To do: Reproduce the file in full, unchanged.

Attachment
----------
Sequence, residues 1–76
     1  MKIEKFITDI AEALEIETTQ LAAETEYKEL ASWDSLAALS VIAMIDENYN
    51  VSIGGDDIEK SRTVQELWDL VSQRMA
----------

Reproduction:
Sequence, residues 1–76
     1  MKIEKFITDI AEALEIETTQ LAAETEYKEL ASWDSLAALS VIAMIDENYN
    51  VSIGGDDIEK SRTVQELWDL VSQRMA